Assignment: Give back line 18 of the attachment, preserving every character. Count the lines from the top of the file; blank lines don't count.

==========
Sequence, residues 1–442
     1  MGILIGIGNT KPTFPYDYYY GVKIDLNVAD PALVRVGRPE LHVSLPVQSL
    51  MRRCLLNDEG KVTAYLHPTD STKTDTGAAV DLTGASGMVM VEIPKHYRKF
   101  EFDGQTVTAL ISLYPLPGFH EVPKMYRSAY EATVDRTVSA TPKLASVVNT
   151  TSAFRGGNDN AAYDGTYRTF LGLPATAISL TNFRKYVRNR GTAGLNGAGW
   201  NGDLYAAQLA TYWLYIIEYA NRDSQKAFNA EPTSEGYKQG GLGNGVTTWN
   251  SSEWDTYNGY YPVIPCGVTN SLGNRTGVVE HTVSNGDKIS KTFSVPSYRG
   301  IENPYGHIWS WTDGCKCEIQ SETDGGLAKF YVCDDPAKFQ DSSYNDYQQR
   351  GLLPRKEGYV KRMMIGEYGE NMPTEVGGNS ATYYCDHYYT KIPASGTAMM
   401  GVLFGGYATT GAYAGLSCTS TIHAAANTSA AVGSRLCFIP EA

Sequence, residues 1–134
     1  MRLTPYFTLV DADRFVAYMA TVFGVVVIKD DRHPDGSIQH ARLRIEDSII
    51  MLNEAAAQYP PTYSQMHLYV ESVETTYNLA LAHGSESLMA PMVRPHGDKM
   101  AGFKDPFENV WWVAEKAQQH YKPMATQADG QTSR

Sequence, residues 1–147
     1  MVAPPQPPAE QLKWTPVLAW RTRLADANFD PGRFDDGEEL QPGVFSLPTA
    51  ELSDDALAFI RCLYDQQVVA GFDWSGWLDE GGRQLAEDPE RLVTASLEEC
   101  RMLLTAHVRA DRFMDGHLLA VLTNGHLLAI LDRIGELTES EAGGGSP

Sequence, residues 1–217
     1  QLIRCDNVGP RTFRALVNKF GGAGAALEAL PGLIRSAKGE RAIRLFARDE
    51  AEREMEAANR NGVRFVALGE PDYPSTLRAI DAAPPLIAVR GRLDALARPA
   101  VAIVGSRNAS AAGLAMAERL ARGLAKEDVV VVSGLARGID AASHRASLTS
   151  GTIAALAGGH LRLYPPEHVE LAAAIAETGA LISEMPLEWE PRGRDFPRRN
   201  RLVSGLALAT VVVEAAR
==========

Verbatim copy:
   101  RMLLTAHVRA DRFMDGHLLA VLTNGHLLAI LDRIGELTES EAGGGSP